Made some more calls in the wee hours of the morning (in spite of going to bed at 9pm, I still woke up at 3:55am. This is NOT a good thing. But at least I was somewhat productive), and talked to USAirways, who is handling my CLT to YYZ leg of the journey. Long story short, Shiva can ride with me in the cabin as my ESA, as long as I have the proper documentation (which I have). I can check her empty crate to Toronto, but it counts as one of my 3 bag allowance, unless I want to pay the 4th baggage fee charge ($$$). But as along as I keep it under 70 pounds, I could theoretically place one of my suitcases IN the crate for the ride, and just take it out and recheck it in Toronto.
In any case, when I get to Toronto, I get the crate, and check it and her at the Finnair desk for the leg to Helsinki. That is going to be a heartwrenching part of this trip. 😦 But it’s just once, and then we’re done. And because I’m paying in Canada, I pay in Canadian dollars, so it saves me about $25. I’d rather have her in the cabin, but rules are rules.
Now, a bit of information for those of you going to take your dog to Finland. You need to go to the Evira website and download some forms. One of those is the Annex II form, which your vet will need to fill out. Here’s some more info from the email I got back from them:
- – microchipped prior to rabies-vaccination
- – rabies-vaccination at least 21 days prior to entering Finland
- – treatment against echinococcosis given 24 hours to 5 days prior to entering Finland
- – a health certificate for non-commercial movements: http://www.evira.fi/files/attachments/fi/elaimet/tuonti_ja_vienti/sanco-7091-2011_rev7_koirien__kissojen__frettien_ei-kaupallisen_tuonnin_terv-tod_voimaan_1.1.2012.doc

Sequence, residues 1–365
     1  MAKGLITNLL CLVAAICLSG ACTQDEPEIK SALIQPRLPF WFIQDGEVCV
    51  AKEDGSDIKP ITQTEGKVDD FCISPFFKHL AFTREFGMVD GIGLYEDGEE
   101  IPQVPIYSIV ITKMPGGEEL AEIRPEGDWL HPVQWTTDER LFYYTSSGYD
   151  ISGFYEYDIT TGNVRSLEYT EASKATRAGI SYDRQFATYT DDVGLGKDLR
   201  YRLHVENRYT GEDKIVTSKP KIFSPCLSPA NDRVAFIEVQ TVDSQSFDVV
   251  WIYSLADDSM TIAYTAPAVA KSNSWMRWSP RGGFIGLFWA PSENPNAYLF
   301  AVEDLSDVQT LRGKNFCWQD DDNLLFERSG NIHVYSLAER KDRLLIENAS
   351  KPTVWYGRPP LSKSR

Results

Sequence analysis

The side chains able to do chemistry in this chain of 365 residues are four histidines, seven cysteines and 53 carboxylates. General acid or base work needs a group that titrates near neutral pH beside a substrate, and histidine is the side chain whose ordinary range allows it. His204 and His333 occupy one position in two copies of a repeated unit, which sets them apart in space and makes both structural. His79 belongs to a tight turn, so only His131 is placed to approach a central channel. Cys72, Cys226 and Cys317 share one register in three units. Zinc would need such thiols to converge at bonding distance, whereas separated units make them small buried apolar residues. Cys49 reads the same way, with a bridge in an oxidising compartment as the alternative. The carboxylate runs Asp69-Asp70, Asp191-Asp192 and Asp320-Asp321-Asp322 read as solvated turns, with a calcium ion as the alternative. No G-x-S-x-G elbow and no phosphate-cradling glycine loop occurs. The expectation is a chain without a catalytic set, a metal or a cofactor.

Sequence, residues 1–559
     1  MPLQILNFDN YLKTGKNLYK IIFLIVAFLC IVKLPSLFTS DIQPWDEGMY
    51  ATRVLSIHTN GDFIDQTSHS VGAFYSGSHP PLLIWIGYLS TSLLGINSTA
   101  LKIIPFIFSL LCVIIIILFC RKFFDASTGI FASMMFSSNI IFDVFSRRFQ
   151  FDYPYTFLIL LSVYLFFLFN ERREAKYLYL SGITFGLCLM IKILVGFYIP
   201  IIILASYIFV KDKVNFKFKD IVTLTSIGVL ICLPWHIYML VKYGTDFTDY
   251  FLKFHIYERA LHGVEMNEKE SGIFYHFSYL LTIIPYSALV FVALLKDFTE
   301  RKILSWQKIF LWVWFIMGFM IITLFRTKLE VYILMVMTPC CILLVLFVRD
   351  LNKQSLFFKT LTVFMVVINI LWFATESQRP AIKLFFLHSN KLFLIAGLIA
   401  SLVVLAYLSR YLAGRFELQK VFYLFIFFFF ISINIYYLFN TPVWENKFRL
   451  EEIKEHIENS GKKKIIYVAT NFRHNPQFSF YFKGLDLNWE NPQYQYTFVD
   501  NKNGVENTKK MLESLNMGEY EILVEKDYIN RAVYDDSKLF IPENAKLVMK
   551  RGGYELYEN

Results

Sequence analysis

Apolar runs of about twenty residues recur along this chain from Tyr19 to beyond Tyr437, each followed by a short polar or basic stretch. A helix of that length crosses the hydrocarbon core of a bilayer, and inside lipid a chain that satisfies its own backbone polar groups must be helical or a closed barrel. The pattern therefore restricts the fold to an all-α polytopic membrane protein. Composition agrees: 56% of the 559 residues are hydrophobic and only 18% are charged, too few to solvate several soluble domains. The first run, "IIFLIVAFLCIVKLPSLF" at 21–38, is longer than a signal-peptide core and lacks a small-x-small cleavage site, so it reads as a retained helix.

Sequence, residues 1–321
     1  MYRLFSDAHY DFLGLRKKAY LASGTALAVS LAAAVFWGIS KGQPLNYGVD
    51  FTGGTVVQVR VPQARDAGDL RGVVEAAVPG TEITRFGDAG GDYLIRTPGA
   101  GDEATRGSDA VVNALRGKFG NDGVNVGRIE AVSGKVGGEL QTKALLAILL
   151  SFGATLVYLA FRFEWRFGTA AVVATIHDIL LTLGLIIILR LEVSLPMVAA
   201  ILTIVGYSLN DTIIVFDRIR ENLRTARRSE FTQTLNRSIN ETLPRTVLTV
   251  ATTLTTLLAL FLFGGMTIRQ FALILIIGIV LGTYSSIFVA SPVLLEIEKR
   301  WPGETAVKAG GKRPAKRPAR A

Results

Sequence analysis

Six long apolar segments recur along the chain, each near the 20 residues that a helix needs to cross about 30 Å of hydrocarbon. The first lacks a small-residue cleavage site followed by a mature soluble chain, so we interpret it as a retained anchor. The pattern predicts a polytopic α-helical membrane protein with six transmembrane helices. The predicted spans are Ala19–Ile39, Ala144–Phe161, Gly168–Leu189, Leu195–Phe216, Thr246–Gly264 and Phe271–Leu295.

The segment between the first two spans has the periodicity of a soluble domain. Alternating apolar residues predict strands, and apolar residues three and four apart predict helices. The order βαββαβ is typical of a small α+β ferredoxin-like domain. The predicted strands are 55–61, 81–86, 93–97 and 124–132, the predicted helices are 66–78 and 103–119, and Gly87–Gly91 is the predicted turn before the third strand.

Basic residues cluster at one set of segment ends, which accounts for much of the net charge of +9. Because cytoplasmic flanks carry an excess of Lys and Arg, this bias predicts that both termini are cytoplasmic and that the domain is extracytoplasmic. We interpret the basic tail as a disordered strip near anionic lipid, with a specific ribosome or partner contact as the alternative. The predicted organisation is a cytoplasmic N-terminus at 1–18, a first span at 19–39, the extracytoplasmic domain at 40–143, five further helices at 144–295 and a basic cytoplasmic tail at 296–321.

- The certificate must be completely filled and signed and stamped by veterinary officials. This is the only documentation that is required.
- -travel through an approved point of entry (Helsinki-Vantaa airport)
When your vet fills in the certificate it must be sent to USDA APHIS for endorsement. This must be done in quite short timing because the echinococcus treatment is valid only 5 days for entering Finland.
You may send the health certificate to this e-mail and we can check everything is correct before your trip. The Customs checks the dog and the certificate at your arrival, you just choose the red line of the Customs. You don’t have to send the documents for the Customs in advance.
If you want more information, here is their website for non-commercial import of animals: http://www.evira.fi/portal/en/animals/import+and+export/import+from+non-eu+countries/dogs–cats-and-ferrets/non-commercial+import/
So, in my case, I will have to take her to a vet in North Carolina for the echinococcus treatment right before I leave. My poor baby. I wish there was some way to explain to her what was happening.
My steps are to take her to her vet at Banfield, who is a an USDA-APHIS certified vet. Then I will send those forms to my local USDA-APHIS office (link) to be reviewed and certified by a vet there. They will send those forms back to me. I can then email them (as per above) to EVIRA to make sure that they are correct, and if so, I just hold them in my hot little hands until we get to Customs.
I did, however, look up information on dog parks and vet care, and it seems that the Helsinki area has plenty of both! I look forward to the long walks in the woods and staying active. Hopefully, in time, the trauma of the move will fade for her.
That’s all I have so far on the doggie subject. Now, to figure out how to juggle my medication coverage and what to do with my retirement account from work to cover the next couple of months. And I will be reporting on my attempts to navigate the Finnish social services system, as well. Wish me luck!